Few things are able to disturb your morning routine more than a frozen-over car. It could mean the difference between a stress-free commute or a stressful commute. Luckily, although the cold weather is inevitable, a frozen car isn’t. We’ve listed the Do’s and Don’t’s that will ensure your morning routine runs as smoothly as possible this winter...
Keep an eye on the forecast, if you can anticipate that it’s going to be a chilly night then get ahead and get the pre-frost spray out!
The oldest trick in the book. Windscreen covers are pretty cheap nowadays, under £10 for the non-tailored fit versions but they all work the same. Get one on your windscreen to help prevent moisture freezing over the outside of the glass.
Next time you’re queuing at the supermarket you’ll likely see a big pile of de-ice spray by the counter. Grab one and stick it in the glovebox, it is an effective and quick way of getting ice out of your field of view and it will make sure it doesn’t freeze back over.
Don’t use your credit card or keys… unless you want to absolutely ruin your glasswork. Buy a dedicated scraper with a stiff rubber fin to get as much off your screen as conveniently as possible.
✅Vaseline the seals
Petroleum jelly doesn’t freeze because it’s already frozen, it works as a lubricant separating the rubber seals and preventing moisture getting in and freezing the seals together.
✅Put it in the garage
This needs no explanation. If you’re lucky enough to have one, use it.
✅Leave it facing the house
This one is a cracker. If you leave your car with the windscreen close to your house (within a meter or two) then the heat emitted from the house will either prevent the water from freezing over in the first place or at least go some way toward melting it off the windscreen the morning after.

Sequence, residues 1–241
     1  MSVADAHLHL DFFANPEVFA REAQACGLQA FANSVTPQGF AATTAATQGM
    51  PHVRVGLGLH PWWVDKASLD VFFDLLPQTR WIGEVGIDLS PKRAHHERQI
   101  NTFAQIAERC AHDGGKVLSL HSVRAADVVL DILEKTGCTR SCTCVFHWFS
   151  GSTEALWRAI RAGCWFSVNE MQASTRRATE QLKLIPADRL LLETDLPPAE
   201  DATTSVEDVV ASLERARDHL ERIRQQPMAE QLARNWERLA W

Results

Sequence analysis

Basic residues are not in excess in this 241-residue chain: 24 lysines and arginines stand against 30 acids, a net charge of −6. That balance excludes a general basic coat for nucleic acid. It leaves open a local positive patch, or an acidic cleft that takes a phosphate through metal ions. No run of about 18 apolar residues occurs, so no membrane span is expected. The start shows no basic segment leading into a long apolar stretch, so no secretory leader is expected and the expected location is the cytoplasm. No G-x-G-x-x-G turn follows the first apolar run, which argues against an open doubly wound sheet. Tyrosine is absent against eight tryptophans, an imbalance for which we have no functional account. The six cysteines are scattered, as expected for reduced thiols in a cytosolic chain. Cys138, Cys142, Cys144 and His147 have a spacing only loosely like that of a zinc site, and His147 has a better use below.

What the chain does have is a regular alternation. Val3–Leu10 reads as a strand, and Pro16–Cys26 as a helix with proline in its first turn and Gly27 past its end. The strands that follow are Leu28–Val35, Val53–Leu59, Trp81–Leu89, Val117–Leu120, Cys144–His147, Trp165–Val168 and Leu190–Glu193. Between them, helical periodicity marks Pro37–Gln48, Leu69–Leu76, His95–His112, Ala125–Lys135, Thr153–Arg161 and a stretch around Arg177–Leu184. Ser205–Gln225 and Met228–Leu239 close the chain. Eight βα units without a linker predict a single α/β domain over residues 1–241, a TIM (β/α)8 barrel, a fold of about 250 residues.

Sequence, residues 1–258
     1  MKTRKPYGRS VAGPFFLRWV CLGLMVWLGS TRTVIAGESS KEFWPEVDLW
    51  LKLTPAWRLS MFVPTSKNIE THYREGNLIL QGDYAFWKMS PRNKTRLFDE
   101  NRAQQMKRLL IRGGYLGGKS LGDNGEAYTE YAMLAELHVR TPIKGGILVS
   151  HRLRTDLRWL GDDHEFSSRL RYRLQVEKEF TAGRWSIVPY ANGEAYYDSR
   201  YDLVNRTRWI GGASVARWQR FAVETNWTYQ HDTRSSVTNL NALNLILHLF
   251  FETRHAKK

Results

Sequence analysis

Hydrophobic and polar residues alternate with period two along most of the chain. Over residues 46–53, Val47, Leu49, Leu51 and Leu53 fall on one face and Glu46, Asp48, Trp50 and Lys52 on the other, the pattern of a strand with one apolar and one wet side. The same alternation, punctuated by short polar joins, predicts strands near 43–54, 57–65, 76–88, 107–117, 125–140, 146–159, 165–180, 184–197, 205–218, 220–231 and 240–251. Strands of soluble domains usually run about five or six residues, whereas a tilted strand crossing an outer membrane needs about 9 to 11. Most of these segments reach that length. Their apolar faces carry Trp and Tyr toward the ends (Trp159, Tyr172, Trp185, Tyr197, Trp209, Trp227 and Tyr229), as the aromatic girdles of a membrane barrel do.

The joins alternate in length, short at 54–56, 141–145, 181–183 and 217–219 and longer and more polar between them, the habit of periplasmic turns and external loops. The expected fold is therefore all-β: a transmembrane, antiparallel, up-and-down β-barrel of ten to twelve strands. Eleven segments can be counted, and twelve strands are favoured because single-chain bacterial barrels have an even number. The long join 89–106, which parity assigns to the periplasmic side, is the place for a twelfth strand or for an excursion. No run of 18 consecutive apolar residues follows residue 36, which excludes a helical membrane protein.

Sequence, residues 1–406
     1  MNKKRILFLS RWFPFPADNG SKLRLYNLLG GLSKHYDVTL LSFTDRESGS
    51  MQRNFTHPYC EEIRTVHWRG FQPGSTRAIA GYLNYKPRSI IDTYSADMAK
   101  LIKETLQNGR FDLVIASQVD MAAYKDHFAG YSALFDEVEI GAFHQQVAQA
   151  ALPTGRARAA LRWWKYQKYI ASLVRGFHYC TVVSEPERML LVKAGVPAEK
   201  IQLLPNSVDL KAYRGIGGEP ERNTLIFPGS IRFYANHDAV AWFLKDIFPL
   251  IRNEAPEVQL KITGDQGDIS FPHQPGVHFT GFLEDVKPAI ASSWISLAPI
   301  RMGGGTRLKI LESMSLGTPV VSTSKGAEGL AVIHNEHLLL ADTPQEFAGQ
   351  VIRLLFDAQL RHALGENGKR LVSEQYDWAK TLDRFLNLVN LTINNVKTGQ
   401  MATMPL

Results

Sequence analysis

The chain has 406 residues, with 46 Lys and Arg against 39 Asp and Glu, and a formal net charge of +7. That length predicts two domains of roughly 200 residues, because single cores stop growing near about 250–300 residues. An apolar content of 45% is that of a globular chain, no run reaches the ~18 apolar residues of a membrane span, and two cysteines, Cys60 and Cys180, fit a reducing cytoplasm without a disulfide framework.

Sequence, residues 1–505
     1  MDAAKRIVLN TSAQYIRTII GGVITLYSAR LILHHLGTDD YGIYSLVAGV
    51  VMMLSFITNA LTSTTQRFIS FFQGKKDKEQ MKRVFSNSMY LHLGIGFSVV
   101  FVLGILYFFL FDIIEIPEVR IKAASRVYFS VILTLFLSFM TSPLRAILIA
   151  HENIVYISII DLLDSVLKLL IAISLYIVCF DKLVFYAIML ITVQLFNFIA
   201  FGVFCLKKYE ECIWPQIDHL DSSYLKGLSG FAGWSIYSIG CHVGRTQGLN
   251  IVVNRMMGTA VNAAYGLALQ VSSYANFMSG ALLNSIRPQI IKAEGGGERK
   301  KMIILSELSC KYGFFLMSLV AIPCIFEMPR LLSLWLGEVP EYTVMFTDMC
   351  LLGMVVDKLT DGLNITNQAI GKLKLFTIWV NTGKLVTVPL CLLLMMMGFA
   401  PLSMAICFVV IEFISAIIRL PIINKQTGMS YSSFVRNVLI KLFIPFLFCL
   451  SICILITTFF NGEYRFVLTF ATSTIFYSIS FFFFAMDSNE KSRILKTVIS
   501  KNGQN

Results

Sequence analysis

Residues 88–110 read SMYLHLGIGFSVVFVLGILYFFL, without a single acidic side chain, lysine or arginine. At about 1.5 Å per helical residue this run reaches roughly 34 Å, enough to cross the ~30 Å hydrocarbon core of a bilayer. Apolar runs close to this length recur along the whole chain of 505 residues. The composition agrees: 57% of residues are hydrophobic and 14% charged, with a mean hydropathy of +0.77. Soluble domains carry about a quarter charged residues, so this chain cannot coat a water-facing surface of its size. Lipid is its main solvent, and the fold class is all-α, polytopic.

Pouring hot water on your windscreen can cause a rapid change in the temperature of the glass, it doesn’t take a scientist to know that rapidly expanding and contracting glass is a bad idea, especially if you’ve got chips already in the screen. You also run the risk of the warm water freezing straight back over again, which is counterproductive.
❌Use your sleeve
This might work as a last-ditch effort, but nothing more than that. Using your sleeve will remove ice or snow from your screen with a bit of elbow grease, but when you get in the car your soggy sleeve is just going to steam up the windows, and you’ve opened up a whole new can of worms.
❌Leave it running to warm up
Paul Scholes famously left this Chevrolet Captiva running on his driveway to warm it up before training. An opportunist saw this and simply got in and drove off. We daren’t think how the conversation went down with his insurers, but we’re certain that Paul will testify that leaving your engine running to warm up the car is a bad idea. (It’s also illegal if you’re parked on a public road.)